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Only Half of Non-Retirees Expect to Be Comfortable in Retirement

Lowest percentage in last five years

GALLUP NEWS SERVICE

PRINCETON, NJ -- Gallup's annual poll on personal finances reveals that most Americans -- both retired and non-retired -- report to be living comfortably now. However, many non-retirees expect a downturn in their lifestyle once they stop working. Fewer than half of non-retirees have full peace of mind about their finances, saying they have enough money to live comfortably now and expect to do so in the future. In comparison, the vast majority of current retirees say they have enough to live comfortably now.

The April 10-13, 2006 poll identifies retirement as the most significant financial concern for Americans. Sixty percent of Americans say they are very or moderately worried about not having enough money for retirement. The only issue that comes close to this is being able to pay for medical care in the event of a serious accident or illness.

Seven in 10 Living Comfortably Now

At the moment, most Americans (71%) say they have enough money to live comfortably. That includes 77% of current retirees and 69% of non-retirees.

In the five years this question has been asked, more retirees than non-retirees have always said they are comfortable now. Whether that is a reflection of a better overall economic situation for retirees, or lower standards on their part for what constitutes "comfortable," is unclear. It is also possible that the expectation by many non-retirees, especially younger ones, that Social Security will not be available to them contributes to this gap between current and future retirees. Indeed, the poll finds 55% of current retirees saying that Social Security is a "major source" of their retirement funding, whereas only 25% of non-retirees expect it to be. Current retirees are also more likely to cite a work-sponsored pension plan as a major source of their income, while non-retirees are less likely to expect the same.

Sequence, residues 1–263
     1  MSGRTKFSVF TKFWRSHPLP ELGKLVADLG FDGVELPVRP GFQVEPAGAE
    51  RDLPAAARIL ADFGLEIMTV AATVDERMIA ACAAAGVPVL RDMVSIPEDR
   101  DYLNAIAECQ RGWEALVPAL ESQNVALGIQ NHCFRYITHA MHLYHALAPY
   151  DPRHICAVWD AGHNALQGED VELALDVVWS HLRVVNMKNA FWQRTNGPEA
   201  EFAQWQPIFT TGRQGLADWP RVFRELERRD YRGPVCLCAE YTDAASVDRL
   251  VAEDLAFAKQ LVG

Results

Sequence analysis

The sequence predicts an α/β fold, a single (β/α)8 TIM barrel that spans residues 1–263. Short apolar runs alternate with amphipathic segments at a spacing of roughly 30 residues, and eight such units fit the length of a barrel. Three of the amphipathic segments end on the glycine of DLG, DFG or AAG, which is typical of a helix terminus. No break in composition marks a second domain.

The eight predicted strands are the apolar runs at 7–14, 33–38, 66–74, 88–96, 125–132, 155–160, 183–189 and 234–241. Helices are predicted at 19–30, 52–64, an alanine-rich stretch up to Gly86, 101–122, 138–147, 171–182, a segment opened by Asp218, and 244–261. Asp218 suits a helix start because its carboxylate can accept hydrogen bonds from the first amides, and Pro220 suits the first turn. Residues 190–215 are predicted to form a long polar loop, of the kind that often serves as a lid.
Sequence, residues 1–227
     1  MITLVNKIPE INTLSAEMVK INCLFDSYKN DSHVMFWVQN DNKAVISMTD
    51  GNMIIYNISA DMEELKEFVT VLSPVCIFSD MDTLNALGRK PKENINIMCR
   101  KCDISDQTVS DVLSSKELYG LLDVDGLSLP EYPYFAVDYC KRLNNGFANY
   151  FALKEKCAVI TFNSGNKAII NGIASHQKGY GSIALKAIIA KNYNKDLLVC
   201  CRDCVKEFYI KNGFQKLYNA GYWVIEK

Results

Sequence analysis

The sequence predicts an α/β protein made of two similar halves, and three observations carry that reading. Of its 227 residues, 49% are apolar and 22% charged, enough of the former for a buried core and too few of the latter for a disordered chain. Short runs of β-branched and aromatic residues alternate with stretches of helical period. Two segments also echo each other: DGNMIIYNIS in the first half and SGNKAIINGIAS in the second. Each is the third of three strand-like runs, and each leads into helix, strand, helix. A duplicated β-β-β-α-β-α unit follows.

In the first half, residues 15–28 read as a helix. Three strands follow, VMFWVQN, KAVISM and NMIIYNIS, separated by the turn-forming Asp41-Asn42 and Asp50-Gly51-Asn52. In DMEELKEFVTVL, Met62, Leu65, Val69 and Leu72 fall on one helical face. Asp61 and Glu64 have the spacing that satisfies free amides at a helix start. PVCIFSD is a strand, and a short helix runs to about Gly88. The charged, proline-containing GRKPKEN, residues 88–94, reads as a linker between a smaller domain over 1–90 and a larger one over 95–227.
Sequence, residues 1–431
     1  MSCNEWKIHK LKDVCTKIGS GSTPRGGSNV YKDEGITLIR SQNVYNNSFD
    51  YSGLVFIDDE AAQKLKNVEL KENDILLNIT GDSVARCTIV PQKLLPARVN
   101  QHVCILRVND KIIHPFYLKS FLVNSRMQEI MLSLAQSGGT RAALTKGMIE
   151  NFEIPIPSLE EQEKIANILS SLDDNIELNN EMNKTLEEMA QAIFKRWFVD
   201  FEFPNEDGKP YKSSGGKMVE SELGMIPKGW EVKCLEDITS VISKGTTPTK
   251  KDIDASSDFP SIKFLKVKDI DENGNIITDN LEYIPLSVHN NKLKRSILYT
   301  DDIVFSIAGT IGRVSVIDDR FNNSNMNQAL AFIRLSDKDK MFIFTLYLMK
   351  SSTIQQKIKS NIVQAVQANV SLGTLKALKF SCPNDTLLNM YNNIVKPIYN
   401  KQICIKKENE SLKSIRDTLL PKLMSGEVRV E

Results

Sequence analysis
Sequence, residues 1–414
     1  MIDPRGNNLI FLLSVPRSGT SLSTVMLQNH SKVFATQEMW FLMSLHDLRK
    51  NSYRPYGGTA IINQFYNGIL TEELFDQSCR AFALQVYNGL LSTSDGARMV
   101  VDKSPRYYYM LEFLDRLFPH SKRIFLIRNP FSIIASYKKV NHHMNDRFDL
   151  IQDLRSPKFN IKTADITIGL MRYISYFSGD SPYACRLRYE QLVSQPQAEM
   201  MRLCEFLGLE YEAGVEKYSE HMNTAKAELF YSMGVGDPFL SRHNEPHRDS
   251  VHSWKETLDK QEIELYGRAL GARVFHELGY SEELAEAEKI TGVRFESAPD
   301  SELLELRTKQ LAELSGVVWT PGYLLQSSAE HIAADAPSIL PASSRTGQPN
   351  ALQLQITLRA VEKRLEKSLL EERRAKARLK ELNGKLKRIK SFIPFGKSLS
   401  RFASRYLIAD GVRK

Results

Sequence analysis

Many non-retirees expect their level of economic comfort to decline once they retire. Just 50% of all non-retirees expect to have enough money to live comfortably at that time. This measure is the lowest Gallup has recorded in the past five years, down from 59% between 2002 and 2004, and 53% last year, paling in comparison to the 77% of current retirees who report financial comfort.

Combining the two items -- living comfortably now and expecting to live comfortably in retirement -- yields the following distribution among non-retirees.

Forty-four percent of non-retirees are living comfortably now and expect to do so in retirement. These respondents' economic forecast calls for "clear skies."

Twenty-five percent say they are living comfortably now, but do not expect to be doing so in retirement. The economic forecast for these people is sunny now but has "clouds on the horizon."

Twenty-five percent are not living comfortably now and do not expect to be doing so in retirement. These people's forecast calls for "persistent rain."

Six percent are not living comfortably now, but expect they will be in retirement. The forecast for this group of non-retirees is "clearing rain."

As one might expect, a person's economic forecast largely depends on the amount of economic resources he or she has:

  • The percentage of respondents falling into the clear skies group increases significantly by household income. Just 18% of those in low-income households (less than $30,000) say they are comfortable now and will be in retirement, compared with 45% in middle-income households ($30,000 to $74,999) and 61% among those in upper-income households ($75,000 or above).